Why Were There So Many Fireflies This Year?

Editor’s note: This article was initially published in The Daily Gazette, Swarthmore’s online, daily newspaper founded in Fall 1996. As of Fall 2018, the DG has merged with The Phoenix. See the about page to read more about the DG.

Some students have noticed and wondered why there were so many fireflies this year. To answer their questions, the Gazette went to Julie Hagelin, Assistant Professor of Biology who conducts research on animal behavior, and she referred us to Sara Lewis, a Professor of Biology at Tufts University who studies fireflies.

Professor Lewis explained that fireflies spend between one to two years underground as larvae, feeding mainly on earthworms. “A major source of larval mortality would be drought occurring in the fall or spring, so adult firefly populations may have benefited from the wet spring and summer we had this past year,” she wrote in an e-mail. So, the rainy weather of earlier this year is a likely factor in the firefly population boom that was witnessed and appreciated all over Swarthmore’s campus.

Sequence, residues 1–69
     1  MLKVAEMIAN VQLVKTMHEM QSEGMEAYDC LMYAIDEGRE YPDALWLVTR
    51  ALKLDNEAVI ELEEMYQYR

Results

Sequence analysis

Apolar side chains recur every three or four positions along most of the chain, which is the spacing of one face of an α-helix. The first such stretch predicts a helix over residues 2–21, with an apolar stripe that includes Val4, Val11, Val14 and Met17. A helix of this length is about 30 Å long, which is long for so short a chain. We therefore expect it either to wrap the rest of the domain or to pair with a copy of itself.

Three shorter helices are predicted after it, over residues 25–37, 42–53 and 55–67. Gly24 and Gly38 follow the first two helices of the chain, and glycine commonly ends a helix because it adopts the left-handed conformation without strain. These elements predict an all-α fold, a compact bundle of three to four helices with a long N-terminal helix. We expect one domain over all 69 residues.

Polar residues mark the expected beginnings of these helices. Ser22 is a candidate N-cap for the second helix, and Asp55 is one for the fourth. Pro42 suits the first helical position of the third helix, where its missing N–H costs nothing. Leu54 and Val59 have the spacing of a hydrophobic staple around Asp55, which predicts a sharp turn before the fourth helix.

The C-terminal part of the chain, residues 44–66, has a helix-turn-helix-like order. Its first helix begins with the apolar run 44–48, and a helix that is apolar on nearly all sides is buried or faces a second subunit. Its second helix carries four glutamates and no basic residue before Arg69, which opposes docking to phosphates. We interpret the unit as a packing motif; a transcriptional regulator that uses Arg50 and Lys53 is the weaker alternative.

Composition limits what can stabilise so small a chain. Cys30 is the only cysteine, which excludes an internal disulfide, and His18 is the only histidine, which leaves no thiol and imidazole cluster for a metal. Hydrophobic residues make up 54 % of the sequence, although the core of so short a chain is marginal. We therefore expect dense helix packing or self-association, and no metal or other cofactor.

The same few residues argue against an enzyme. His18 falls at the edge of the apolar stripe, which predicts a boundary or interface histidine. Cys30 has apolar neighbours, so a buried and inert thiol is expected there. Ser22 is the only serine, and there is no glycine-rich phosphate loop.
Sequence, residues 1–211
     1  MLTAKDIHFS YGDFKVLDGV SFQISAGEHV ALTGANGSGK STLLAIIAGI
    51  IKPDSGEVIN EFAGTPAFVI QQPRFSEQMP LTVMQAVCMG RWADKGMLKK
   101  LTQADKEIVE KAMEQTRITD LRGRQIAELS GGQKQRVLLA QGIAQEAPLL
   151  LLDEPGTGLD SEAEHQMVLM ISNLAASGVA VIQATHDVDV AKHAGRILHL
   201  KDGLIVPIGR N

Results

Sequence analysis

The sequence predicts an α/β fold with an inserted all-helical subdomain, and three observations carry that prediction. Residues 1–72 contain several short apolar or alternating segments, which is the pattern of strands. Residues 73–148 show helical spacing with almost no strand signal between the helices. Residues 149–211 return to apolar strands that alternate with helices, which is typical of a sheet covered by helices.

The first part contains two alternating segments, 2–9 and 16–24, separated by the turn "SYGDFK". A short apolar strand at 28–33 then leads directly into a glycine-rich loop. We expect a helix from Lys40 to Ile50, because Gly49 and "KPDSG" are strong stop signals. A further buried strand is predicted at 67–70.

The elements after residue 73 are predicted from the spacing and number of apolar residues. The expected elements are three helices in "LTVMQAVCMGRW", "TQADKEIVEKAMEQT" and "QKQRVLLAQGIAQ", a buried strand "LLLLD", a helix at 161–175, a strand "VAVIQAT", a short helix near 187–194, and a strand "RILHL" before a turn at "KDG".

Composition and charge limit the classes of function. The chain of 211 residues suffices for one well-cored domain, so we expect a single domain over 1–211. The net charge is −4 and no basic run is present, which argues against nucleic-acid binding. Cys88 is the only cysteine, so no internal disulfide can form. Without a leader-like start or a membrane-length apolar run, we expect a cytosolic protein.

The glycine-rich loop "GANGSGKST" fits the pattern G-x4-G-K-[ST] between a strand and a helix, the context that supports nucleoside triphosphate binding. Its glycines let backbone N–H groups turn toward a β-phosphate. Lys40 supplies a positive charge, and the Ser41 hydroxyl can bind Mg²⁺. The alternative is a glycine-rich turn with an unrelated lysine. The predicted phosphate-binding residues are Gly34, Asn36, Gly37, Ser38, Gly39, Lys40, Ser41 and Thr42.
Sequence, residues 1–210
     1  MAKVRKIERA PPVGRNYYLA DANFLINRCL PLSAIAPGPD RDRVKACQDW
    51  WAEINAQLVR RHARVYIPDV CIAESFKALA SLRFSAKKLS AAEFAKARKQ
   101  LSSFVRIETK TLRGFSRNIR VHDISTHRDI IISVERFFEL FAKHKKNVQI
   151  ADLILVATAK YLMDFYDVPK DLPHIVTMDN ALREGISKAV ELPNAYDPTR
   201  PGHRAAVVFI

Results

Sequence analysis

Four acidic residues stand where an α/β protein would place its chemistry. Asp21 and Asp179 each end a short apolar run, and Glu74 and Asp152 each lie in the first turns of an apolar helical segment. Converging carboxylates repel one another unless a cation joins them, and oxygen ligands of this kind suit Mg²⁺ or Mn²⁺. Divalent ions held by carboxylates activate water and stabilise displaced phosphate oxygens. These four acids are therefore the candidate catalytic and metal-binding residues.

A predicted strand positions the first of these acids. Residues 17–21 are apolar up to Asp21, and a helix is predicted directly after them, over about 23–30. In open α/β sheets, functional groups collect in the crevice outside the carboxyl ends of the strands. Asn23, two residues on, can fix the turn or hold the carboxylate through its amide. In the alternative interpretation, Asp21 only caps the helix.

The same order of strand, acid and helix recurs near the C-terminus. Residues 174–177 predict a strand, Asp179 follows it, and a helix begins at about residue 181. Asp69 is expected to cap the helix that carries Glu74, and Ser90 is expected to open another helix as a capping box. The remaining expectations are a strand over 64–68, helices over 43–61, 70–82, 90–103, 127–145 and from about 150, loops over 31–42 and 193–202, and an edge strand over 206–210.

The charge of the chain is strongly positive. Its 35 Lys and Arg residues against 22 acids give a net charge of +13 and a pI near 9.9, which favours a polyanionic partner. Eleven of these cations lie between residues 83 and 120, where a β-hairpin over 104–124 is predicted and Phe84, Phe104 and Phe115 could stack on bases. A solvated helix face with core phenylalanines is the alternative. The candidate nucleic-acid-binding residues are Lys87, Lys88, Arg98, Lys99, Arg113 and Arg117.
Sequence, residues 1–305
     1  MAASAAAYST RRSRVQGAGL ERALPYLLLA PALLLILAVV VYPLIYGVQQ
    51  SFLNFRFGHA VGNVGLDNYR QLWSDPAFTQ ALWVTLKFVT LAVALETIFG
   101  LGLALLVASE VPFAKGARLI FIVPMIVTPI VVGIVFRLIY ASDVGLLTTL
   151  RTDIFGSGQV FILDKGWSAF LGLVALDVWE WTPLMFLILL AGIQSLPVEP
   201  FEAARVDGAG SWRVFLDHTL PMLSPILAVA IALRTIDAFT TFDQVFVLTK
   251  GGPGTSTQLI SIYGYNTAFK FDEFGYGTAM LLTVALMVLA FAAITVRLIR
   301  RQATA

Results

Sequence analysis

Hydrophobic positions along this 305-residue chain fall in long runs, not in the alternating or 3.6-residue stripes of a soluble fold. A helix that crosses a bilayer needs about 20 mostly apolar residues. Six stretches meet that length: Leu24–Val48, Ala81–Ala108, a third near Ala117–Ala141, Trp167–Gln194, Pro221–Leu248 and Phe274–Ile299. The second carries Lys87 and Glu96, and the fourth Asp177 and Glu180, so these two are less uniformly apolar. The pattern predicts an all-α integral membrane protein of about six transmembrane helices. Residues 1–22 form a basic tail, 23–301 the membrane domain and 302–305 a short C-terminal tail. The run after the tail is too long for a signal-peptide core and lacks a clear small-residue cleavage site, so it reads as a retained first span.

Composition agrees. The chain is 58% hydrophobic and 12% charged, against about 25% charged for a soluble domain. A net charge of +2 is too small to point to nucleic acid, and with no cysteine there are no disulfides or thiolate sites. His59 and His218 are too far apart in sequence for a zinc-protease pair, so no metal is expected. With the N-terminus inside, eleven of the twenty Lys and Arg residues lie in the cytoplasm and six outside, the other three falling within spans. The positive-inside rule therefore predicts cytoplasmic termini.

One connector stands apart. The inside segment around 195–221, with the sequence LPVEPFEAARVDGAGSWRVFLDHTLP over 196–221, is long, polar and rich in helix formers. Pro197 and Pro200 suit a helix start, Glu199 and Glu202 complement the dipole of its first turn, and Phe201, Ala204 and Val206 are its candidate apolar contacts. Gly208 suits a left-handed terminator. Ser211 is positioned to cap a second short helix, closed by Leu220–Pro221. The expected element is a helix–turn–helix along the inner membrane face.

Got other phosphorescing/burning questions? Ask The Gazette: dailygazette [at] swarthmore [dot] edu

The Phoenix

Discover more from The Phoenix

Subscribe now to keep reading and get access to the full archive.

Continue reading